• 5.11.1 Turkish group vitality
  • 5.11.2 Public versus private use of language
  • 5.12 Language use-choice with different interlocutors
  • 5.13 Overall evaluation of the acculturation scales
  • 5.14 Concluding remarks
  • Chapter 6: Acculturation Orientations and Linguistic Outcomes in the German Context
  • 6.1 Profile of the Turkish Community in Germany
  • 6.1.1 Demographic characteristics
  • 6.1.2 Educational profile of the Turkish immigrants
  • 6.1.3 Turkish language teaching
  • 6.1.4 Religious organisations in Germany
  • 6.1.5 Socio-cultural institutions
  • 6.2 Acculturation orientations of mainstream German and Turkish immigrants
  • 6.3 Acculturation outcomes
  • 6.3.1 Background characteristics of the informants
  • 6.4.1 Interactive acculturation scale – multiculturalism index
  • 6.5 Self-identification
  • 6.5.1 Immigrants’ ethnic identification
  • 6.5.2 Identification with the mainstream society
  • 6.6 Cultural identity
  • 6.6.1 Turkish cultural identity
  • 6.6.2 German cultural identity
  • 6.6.3 Turkish cultural norms and behaviour
  • 6.6.4 German cultural norms and behaviour
  • 6.7 Religious identity
  • 6.8 Social networks
  • 6.8.1 Social networks with Turks
  • 6.8.2 Social networks with Germans
  • 6.8.3 Extent of social contacts among the informants
  • 6.9 Adherence to ethnic and mainstream cultural norms
  • 6.9.1 Turkish group vitality
  • 6.9.2 Public versus private use of language
  • 6.9.3 Language use-choice with different interlocutors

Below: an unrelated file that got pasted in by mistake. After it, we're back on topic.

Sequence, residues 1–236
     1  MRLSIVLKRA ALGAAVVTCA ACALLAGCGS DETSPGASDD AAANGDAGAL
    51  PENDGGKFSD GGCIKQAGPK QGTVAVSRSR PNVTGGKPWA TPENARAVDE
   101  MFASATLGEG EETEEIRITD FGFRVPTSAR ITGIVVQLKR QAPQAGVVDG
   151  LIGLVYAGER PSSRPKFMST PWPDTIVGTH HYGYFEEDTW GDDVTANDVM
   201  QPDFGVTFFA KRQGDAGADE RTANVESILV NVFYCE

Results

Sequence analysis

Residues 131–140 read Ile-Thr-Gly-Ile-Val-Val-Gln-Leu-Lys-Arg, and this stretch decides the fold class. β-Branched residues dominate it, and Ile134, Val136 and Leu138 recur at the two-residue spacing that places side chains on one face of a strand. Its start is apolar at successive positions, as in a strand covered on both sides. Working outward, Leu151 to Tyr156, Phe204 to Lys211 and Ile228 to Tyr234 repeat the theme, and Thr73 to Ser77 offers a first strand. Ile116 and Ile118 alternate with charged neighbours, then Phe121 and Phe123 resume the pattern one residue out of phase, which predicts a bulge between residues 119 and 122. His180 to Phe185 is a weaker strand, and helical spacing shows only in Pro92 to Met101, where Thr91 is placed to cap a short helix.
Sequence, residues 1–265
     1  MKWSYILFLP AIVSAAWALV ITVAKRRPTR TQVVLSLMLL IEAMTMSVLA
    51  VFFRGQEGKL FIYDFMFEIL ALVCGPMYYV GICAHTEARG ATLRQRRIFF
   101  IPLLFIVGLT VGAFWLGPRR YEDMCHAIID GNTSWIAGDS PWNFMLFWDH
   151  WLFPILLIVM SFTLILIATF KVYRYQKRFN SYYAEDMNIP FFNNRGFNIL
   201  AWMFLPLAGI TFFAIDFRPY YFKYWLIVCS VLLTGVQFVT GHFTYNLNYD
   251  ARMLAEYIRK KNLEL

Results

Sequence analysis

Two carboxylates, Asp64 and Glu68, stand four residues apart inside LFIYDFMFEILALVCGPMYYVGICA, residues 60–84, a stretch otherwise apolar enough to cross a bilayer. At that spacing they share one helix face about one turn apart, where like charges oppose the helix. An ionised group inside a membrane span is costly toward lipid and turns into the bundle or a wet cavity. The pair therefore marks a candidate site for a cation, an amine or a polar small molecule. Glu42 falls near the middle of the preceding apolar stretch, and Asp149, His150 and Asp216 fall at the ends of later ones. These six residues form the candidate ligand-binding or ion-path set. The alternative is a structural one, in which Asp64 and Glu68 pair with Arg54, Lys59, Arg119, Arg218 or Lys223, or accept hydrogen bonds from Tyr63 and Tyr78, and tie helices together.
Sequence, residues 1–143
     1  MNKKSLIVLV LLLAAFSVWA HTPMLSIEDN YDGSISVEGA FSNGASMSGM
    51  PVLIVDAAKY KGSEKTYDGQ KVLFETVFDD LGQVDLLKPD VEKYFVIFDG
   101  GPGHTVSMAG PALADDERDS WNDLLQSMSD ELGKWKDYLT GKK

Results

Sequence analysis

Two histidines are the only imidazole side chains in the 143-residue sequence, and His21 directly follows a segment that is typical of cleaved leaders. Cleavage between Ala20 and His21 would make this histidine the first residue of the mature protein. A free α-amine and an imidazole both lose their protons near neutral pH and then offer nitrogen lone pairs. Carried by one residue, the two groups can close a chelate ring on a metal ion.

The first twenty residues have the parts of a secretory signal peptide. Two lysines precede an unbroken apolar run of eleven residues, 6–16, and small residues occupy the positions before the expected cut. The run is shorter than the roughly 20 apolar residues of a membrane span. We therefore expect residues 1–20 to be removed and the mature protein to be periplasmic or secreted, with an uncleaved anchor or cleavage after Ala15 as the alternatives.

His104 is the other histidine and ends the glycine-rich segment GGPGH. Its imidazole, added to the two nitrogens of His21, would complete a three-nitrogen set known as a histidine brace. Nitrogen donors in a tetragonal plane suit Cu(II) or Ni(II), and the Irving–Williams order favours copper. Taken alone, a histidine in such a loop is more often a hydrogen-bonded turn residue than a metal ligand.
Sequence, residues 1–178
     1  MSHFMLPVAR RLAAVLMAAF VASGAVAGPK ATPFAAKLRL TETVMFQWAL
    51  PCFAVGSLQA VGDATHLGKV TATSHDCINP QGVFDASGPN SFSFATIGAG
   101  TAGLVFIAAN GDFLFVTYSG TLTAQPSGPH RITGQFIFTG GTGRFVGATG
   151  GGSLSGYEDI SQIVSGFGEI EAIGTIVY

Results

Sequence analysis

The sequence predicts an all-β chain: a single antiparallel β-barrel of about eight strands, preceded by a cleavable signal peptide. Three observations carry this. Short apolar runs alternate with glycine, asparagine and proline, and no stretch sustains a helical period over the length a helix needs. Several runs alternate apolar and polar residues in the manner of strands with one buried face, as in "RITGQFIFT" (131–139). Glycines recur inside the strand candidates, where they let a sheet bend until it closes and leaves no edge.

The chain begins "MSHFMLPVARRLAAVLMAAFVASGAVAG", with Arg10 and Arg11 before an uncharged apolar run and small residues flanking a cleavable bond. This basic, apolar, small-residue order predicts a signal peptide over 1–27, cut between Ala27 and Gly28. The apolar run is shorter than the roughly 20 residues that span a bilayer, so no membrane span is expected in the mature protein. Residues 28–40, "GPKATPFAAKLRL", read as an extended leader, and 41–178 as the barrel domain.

• 6.9.4 Overall evaluation of the acculturation scales
  • 6.10 Concluding remarks
  • 6.11 Identification patterns of Turkish immigrants
  • 6.12 Differences in religious identification between generations
  • 6.13 Social networks of the Turkish immigrants
  • 6.14 Language use-choice patterns of Turkish immigrants
  • 6.15 The core values of Turkish identity
  • Chapter 7: Acculturation Orientations and Outcomes in the Dutch Context
  • 7.1 Acculturation in segregated communities
  • 7.2 Dutch integration policies between the 1980s and 2000s
  • 7.3 Hardening the boundaries: Ethnicisation of Islam in the Netherlands
  • 7.4 Urban segregation and its consequences for acculturation
  • 7.5 Turkish Community in the Netherlands
  • 7.5.1 Demographic characteristics
  • 7.5.2 Social networks
  • 7.5.3 Turkish language media
  • 7.5.4 Home language teaching
  • 7.5.5 Turkish youngsters
  • 7.6 Dutch language policies concerning linguistic minorities
  • 7.7 Research Outcomes of Acculturation Investigation
  • 7.8 Background characteristics of the informants
  • 7.9 Opinions regarding multiculturalism policies
  • 7.10 Self-identification
  • 7.11 Identification with the mainstream society
  • 7.12 Cultural identity
  • 7.13 Dutch cultural identity
  • 7.14 Turkish cultural norms and behaviour
  • 7.15 Dutch cultural norms and behaviour
  • 7.16 Religious identity
  • 7.17 Social networks
  • 7.17.1 Social networks with Turks
  • 7.17.2 Social networks with the Dutch
  • 7.17.3 Extent of social contact with the mainstream community
  • 7.18 Adherence to ethnic and mainstream cultural norms
  • 7.18.1 Turkish group vitality
  • 7.18.2 Public versus private use of language
  • 7.19 Language use-choice with different interlocutors
  • 7.20 Overall evaluation of the acculturation scales
  • 7.21 Concluding remarks
  • Chapter 8: Comparative Outcomes in the Four National Contexts and Conclusions
  • 8.1 Introduction
  • 8.2 Integration Ideologies in the Four Countries
  • 8.3 Cross-national Comparisons
  • 8.3.1 Internal Consistencies and Structural Equivalence
  • 8.3.2 Country and Educational Differences in Scale Means
  • 8.3.3 Path Analysis of Scale Relations
  • 8.4 Intergenerational differences
  • 8.5 Discussion
  • References

← 16 | 17 →

Chapter 1:  Introduction